Sea ice: What I do in my spare time :-)
Also: I (and others) frequently decry the medias habit of only reporting sensationalised science; yet I think I probably spend most of this blog discussing such myself. Admittedly in an attempt to explain rather than sensationalise. But as a (possibly rather boring) antidote, here I shall discuss my most recent paper: Connolley, W. M. Sea ice concentrations in the Weddell Sea: A comparison of SSM/I, ULS, and GCM data. GEOPHYSICAL RESEARCH LETTERS 32 (7): art. no. L07501 APR 2 2005. The figures here are taken from the paper.
So: the issue: we run coupled ocean-atmosphere GCMs, which produce (amongst many other things) a field of sea ice concentration and depth in both hemispheres, and we would like to know whether they are right or not. I only do the SH. A simplifying factor there is that we have so few observations of sea ice depth that there is rather little hope of verifying the model depths, so we can stick to ice concentration, which since 1979 has been observed by satellite (there are earlier obs by sat, since 1973, but pretty well everyone agrees that these can't be merged consistently into the later series). This is done by SSMR/SSMI, which is special sensor microwave radiometer or imager, and you can read more about it at wiki. Basically you observe the upwelling microwave radiation in a couple of frequency bands (microwaves are good because they mostly go through clouds and stuff), and their horizontal and vertical polarisation, and from various ratios you then have a quantity that can be related to sea ice concentration. This then gives you a daily field of sea ice concentration.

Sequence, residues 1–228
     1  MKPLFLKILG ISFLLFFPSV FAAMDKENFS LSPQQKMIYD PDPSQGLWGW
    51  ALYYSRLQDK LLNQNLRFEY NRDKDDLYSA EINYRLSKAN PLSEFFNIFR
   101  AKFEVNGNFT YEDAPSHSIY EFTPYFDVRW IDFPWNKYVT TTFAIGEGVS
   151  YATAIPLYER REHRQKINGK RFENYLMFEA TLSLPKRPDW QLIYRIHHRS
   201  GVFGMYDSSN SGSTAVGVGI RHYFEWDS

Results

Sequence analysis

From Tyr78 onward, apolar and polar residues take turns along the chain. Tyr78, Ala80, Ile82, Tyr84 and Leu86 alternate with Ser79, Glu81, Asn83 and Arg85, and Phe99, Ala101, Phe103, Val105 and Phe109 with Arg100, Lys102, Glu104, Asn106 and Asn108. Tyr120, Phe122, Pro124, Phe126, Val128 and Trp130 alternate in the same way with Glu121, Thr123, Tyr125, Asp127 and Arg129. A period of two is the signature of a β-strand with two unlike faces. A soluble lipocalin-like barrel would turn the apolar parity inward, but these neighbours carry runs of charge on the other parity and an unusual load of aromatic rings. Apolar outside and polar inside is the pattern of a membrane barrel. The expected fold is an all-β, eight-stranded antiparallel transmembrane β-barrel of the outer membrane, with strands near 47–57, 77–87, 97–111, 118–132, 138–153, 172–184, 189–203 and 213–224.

But, there is more than one way to do this. There are various issues (weather filters, tie points, etc etc) but the man point is that there are two main algorithms, viz the Bootstrap and the NASA Team (there are lots of others too: change the tie points and you can have your own. But its chosing what to ratio to what that is more interesting). I won't tell you the technical differences for the very good reason that I can't remember them. There is (rather well hidden underneath) some politics in all this: and if you probe people carefully they tend to tell you that intercomparisons favour the Bootstrap, but since people had worked on Team that they weren't about to give it up. Certainly the intercomparison papers I read and ref'd in the paper favour Bootstrap, but, err, they were written by the Bootstrap authors. OTOH if the Team folks wrote similar intercomparisons I failed to find them.